After Dony moved to French waters, we collaborated with the local organisation Réseau Cétacés and with other individuals to share information, and thanks to them were able to continue following and recording his movements and behaviour even at a distance. All this wealth of data has been collated and made freely available on the website.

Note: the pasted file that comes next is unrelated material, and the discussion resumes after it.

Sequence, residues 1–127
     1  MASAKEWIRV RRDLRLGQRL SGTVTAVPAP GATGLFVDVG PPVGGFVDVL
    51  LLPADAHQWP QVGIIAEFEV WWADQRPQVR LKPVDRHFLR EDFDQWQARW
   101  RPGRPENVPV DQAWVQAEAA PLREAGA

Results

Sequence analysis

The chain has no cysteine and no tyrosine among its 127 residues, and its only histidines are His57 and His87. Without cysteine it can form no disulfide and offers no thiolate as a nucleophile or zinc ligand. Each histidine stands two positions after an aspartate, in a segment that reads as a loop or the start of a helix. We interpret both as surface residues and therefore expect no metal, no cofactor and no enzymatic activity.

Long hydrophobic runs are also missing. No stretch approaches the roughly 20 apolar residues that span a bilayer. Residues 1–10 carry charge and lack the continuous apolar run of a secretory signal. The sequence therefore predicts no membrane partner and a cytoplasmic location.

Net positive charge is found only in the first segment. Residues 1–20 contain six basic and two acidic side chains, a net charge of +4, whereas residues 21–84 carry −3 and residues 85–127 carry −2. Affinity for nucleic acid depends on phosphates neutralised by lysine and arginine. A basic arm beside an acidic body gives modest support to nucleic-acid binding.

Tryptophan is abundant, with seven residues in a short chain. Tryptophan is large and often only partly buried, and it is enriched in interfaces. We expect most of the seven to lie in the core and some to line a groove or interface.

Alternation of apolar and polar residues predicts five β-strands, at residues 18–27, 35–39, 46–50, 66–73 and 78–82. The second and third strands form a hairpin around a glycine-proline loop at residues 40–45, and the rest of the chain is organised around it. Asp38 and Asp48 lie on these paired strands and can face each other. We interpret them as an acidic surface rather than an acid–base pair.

One thing leads to another and as Dony had led us to 'Jean Floc'h', another interactive dolphin resident in Brittany, we began to keep half an eye on him as well. Then there was 'Filippo' in Manfredonia, Italy, 'Flint' in the Basque country and 'Tonic' up in the Scottish Hebrides. In the last couple of years, England has been the surprising focus for much dolphin activity, with 'Marra' in Maryport, Cumbria, 'Dave' in Sandgate, Kent, 'Dolly' in Portsmouth, 'Cookie' and 'Sleekie' in Cornwall and to cap it all a new month-long tour by Dony all along the south coast in September 2007. We haven't followed the various stories from across the water too closely, partly as we have enough on our plate already and partly as we haven't had the same kind of co-operation from English cetacean groups and experts as from those in France, Belgium, Holland, Australia etc. (In fact, we haven't had any co-operation at all, on an official level!). At the same time it has been impossible to ignore the fuss in the English media which attends any manifestation of an interactive dolphin, or to entirely dismiss the many reports we have received from private individuals in the local communities affected. In England as nowhere else there has been fierce controversy between 'ordinary people', who want to see and if possible swim with the interactive dolphins, and the 'powers-that-be' in the shape of the dolphin conservation and rescue organisations who want to stop this happening and to restrict access to their own officials (who are allowed to observe and even to handle and medicate the animals when they think fit!). What lies behind that urgent desire to put an end to the interactive dolphin phenomenon has not been clarified by the numerous press releases issued by these organisations, which tend to be confused between possible threats to the dolphins' health and to the swimmers' safety, often with a good measure of 'public order' issues thrown in as well. Some spokespeople probably do have a genuine fear that the physical safety of the dolphins may be affected if people swim with them, but it seems unlikely that any of them really believe that there is any actual evidence of this, while the risk to human health and life has quite blatantly been blown up out of all proportions. Far from being science or observation based, a lot of the tendentious 'expert' pronouncements we have read in the British press look suspiciously like they have more to do with issues of power and control.